Israel Should Open Judaism to Refugees
Talleyrand’s famous aphorism applies to Israel’s immigration policy: It is worse than a crime — it is a blunder. Pursuing a more creative and enlightened asylum policy could generate a significant benefit for the Jewish people.
Israel and the worldwide Jewish community should see potential refugees as a resource rather than a threat. Suppose that out of 100 million potential migrants, only 2 percent might be willing to convert to Judaism in order to become Israeli citizens. This development would significantly boost Israel’s Jewish majority while simultaneously making it a haven for those fleeing oppression and poverty.
I can hear the obvious objection: These wouldn’t be real converts. They would become part of the Jewish people only to move to Israel. Here is the unobvious answer: It doesn’t matter.
Ask yourself: When did you first decide to be Jewish? For most of us, it is an absurd question. We didn’t decide to be Jewish. We just are. Our parents raised us that way: Identities come from cultural surroundings.
Now imagine a family newly settling in Israel — from Congo, say, or Guatemala — who have at least committed to become “Jewish” for the sake of immigration, and spent several months in conversion classes. They study Hebrew. They observe the Jewish calendar. Their children learn Jewish history and culture in school. When those children grow up, they are “Jewish” in the Israeli sense: not particularly religious, but conscious of being part of the Jewish people. By the time the grandchildren grow up, they are as “Jewish” as any other member of “Middle Israel.”
Israel and the worldwide Jewish community should see potential refugees as a resource rather than a threat.
Do Jews do this? We do far worse. The Maccabees forcibly converted the kingdom of Edom at the beginning of the first century B.C.E.; by the time of the siege of Jerusalem 170 years later, according to Josephus, Edomites helped lead the Jewish resistance to Rome. A century later, no one distinguished the two peoples: All were Jewish. Most Jews, then, have a substantial amount of Edomite blood (generating an ironic meaning for prophetic condemnations of Edom). If forced conversions yielded such a result, voluntary ones certainly could.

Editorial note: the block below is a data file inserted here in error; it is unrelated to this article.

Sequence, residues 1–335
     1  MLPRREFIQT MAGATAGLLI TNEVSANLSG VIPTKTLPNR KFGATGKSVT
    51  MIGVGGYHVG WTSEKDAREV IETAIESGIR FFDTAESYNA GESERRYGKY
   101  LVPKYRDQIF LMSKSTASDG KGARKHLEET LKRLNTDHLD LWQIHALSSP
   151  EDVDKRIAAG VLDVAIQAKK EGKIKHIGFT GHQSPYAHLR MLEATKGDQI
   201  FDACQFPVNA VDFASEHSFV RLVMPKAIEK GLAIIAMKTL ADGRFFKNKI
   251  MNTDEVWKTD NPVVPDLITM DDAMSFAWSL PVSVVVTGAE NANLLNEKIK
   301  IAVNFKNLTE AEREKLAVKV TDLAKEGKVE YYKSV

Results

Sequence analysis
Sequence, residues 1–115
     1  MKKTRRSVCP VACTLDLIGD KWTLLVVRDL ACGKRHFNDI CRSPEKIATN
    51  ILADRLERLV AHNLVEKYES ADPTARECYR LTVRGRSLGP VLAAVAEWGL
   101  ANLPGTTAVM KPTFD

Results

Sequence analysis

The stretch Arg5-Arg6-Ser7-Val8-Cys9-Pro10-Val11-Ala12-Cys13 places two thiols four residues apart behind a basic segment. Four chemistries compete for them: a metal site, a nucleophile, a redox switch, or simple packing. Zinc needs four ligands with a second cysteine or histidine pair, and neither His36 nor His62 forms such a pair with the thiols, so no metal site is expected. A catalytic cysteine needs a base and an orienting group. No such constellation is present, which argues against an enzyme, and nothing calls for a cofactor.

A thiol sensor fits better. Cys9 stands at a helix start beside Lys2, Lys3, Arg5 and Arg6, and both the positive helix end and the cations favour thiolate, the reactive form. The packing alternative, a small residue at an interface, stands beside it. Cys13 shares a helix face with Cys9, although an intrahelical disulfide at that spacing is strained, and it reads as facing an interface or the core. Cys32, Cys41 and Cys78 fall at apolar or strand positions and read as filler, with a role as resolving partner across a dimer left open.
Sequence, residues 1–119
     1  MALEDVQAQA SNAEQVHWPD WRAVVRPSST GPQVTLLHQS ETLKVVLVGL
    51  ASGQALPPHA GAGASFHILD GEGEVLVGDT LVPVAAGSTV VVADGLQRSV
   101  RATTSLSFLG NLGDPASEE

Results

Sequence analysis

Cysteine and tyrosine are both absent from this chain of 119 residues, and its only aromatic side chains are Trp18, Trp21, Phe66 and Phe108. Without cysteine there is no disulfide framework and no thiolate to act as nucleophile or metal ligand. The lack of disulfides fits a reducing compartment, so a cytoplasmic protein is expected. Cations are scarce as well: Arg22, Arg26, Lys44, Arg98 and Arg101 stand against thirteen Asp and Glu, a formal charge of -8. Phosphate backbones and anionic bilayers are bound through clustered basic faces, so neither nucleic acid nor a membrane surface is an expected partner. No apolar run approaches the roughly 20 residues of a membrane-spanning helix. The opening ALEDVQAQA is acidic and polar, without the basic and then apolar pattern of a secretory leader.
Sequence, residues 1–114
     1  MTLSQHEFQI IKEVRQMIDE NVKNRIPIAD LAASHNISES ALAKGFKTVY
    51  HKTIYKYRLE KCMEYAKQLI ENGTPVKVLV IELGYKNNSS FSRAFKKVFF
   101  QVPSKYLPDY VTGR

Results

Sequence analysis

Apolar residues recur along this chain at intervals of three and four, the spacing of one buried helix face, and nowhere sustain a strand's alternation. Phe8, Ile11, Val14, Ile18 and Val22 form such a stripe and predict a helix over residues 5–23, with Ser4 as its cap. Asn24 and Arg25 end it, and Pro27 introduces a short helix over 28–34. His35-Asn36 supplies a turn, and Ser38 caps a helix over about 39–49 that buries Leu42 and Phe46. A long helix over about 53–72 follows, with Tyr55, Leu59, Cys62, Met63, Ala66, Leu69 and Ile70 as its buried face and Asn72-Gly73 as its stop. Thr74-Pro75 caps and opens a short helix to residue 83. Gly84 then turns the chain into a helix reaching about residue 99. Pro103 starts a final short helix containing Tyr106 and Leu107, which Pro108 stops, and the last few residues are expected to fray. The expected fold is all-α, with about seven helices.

Would it work? I don’t know; it has never been tried. The State of Israel or Jewish organizations should set up shop in areas where refugees are fleeing and announce that conversion to Judaism makes one eligible for Israeli citizenship under the Law of Return. Outside of Israel, conversions do not have to be Orthodox.
Perhaps no one will accept the offer. Perhaps those who do will come to Israel and quickly revert to their original religions. Perhaps they will train their children secretly in the old ways. And perhaps this will comprise the majority of such admittees. Because it is a pilot program, we will know soon enough. We certainly cannot assume the opposite, unless we also assume that Israeli Jewish culture is so weak, and so unattractive, that no one else could possibly want to adopt it. (Of course, a warm rather than begrudging welcome would strengthen Judaism’s appeal.)
The 2013 film “Transit” concerns a Filipino family in Israel, where a single father must hide his children from immigration police after the government decides to deport children of immigrant workers. The young son develops a warm relationship with the octogenarian Shoah survivor for whom the father serves as a caregiver. The survivor lovingly teaches the boy how to leyn Torah. As the children are being carted away, the boy stands in the immigration office, chanting his parsha. Earlier, he asks his father, “Dad, how do you become Jewish?”
“I don’t know,” the father responds. “I think you have to be born that way.”
But you don’t have to be born that way. You can be a little Filipino boy, learning Torah from a Shoah survivor, living in Israel, being a Jew.
Romantic? Perhaps. It’s a movie. But if you will it, it is no dream.
Jonathan Zasloff is professor of law at UCLA, where he teaches property, international law and Pirkei Avot. He is also a rabbinical ordination candidate at the Alliance for Jewish Renewal.